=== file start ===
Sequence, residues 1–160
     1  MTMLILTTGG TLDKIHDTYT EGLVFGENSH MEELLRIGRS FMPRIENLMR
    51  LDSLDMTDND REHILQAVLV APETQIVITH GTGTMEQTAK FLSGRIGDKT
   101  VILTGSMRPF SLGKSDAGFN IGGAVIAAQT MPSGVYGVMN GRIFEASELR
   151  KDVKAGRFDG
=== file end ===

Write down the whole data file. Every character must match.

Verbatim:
Sequence, residues 1–160
     1  MTMLILTTGG TLDKIHDTYT EGLVFGENSH MEELLRIGRS FMPRIENLMR
    51  LDSLDMTDND REHILQAVLV APETQIVITH GTGTMEQTAK FLSGRIGDKT
   101  VILTGSMRPF SLGKSDAGFN IGGAVIAAQT MPSGVYGVMN GRIFEASELR
   151  KDVKAGRFDG